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For us, a user is a user once they’ve created their first transfer and completed their first transfer. That means money has moved on the platform. If you’ve just signed up as a user and you’ve created an account, given us your e-mail account and set up your account, but you haven’t created and funded your first transfer and the money hasn’t shown up on the other side, we don’t count you as a user yet. So, now through this whole process there’s this conversion funnel that we look at. So, we look at somebody who lands on the – on, let’s say, our website landing page as a visitor. Then, what did they do as they started with the page? How much time did they spend on the page? Did they scroll around? Did they interact with certain components, certain elements of a page which explain what we do, how money moves, what is the value proposition that you have? We have a calculator on our home page which tells you the basics around if you were to move $1,000.00 to pounds how much money would you get at the end on the other side in the UK?

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What would be the fees? So, did they play with that calculator? If they did, that means there is some intent, there is some engagement.

And from that process then you would start seeing where do they fall off, if they do fall off and leave the platform before they complete the first transfer. So, did they fall off if they clicked on “Get started?” – which is on our calculator – which takes you to our signup page. From there, did they go into that page and fill out the user name and e-mail address, give us their e-mail address, and set up their account? Then, did they go into the flow of creating their first transfer, which is a step-by-step flow of giving us details of how much money you want to move, what is your account information, what is the recipient information? And just tracking this entire process of making sure where the user is, where the user drops off. Did they have difficulties in errors of filling out any of these fields? How much time did they spend? These are some of the metrics that you would calculate to understand how the product is doing.

Eventually, the success or fail of this product would be things like, as I said before, –

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how many users of the total number of users, visitors who visited the site converted, as in exited the funnel with converting to create a new transfer? So – and then we start measuring metrics like “What is a conversion rate? Is it ten percent? Is it 20 percent? Is it 35 percent?” And from there, then, you understand what are the things you can improve to increase that conversion rate? So, you go one level deeper into some of these analytic numbers that I talked about, metrics that I talked about, whether they’re getting dropped off at the registration page, did they get an error, did they spend a lot of time on the home page but then dropped off there? They then track several components. That’s how you look at it.

Bryan Reinero: So, it’s probably of course the case that each different product is going to have a different set of metrics, but generally speaking, the reason that you’re collecting this data is to improve the product, understand the user better, and see where the product is fulfilling the needs of the user and where it’s failing to.

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Harsh Sinha: Yes. Exactly.

Bryan Reinero: So, this would also lead me to think that the – as you gather these metrics and process this information, that gets fed back into the PRD and it may change the user stories that you originally started out with. The PRD becomes a living document – there’s a feedback loop in there, is that correct?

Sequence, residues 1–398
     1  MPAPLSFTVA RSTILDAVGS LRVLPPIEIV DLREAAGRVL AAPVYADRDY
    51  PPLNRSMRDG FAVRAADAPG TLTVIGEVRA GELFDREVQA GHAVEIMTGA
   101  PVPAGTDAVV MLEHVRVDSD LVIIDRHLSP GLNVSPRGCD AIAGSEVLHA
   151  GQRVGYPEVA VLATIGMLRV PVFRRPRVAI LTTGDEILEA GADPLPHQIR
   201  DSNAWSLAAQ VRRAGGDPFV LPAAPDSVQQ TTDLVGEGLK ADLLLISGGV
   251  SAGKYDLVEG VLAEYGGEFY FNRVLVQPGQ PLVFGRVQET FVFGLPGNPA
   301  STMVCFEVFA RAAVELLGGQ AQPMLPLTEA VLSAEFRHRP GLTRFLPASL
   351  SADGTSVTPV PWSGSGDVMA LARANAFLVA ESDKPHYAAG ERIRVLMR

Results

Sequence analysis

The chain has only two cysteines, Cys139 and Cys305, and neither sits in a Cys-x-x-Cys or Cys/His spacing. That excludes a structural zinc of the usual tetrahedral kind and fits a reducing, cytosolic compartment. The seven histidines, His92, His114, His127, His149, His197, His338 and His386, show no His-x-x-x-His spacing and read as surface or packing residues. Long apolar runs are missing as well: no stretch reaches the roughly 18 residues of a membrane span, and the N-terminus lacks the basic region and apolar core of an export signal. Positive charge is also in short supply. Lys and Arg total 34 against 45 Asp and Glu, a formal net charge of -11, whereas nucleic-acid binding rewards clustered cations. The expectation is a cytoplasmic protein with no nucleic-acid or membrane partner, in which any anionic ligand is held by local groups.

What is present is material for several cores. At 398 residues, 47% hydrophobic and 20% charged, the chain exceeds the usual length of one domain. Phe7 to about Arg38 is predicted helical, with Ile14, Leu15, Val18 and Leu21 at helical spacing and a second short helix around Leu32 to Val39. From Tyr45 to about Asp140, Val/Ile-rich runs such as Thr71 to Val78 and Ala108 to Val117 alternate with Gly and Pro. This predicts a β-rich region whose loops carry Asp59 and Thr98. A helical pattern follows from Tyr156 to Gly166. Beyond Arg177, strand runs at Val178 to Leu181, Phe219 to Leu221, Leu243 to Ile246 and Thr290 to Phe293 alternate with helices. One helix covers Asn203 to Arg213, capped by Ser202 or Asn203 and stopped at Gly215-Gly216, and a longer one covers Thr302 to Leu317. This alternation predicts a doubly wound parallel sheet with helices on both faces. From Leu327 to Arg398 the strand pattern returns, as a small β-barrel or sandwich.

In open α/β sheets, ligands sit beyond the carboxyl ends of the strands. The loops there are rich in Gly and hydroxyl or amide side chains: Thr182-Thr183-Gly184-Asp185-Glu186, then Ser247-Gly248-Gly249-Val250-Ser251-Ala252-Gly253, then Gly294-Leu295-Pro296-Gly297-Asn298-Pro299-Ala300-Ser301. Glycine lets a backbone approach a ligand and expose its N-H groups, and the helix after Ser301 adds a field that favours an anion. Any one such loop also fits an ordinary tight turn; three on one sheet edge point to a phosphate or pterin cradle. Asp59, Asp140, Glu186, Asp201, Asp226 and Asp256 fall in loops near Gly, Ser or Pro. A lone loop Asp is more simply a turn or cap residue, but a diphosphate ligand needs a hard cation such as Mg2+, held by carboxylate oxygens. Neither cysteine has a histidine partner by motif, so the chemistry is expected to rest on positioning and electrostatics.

Harsh Sinha: Yes. It depends again on the organization and how – what processes exist in the company. So, that’s why at TransferWise we don’t do as much PRDs but we work more in a more agile manner with EPICs and tasks. But then, the idea being the same, that given the feedback and the analytics, what the numbers are showing, this feedback would flow back into new requirements, whether it’s in the form of PRD iteration or it’s in the form of a new EPIC, new stories, new plans. It varies based on the company.

Bryan Reinero: So, yeah, it seems like the process is designed to – it sounds like the process is designed at –

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TransferWise to be able to iterate quickly and reduce friction so that rather than being on a periodic or – you’re cyclical in nature but you’re not periodic in nature.

Harsh Sinha: Yep.

Bryan Reinero: It’s more of a continuous –

Harsh Sinha: Yes. And also, we push our setups such that once a product’s live – even in the early stages of the product being developed, engineers are much more closely involved with understanding the whys, just like a product manager would. And ideally, the way we iterate then after the product is live is the engineers are very much into the analytics and the data too, so then they can read the data and try to make assumptions and make inferences and understanding what’s working and what’s not working. Because a lot of times we’ve seen that with that input the iteration speed can be even faster because the engineer has actionable data to interpret and work through and then iterate the product quicker.

And in that case the product manager then takes the step of – takes the seat of, role of coaching the engineer and interpreting the data and moving along the product.

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And usually, there’s more engineers than a product person on a team, so if you think about every feature that’s live, if there are more engineers who take ownership of this feature being live in production, the iteration speed increases because it doesn’t have to go to one person who’s a product manager who’s interpreting all the data and giving instructions to the team on how to move things along.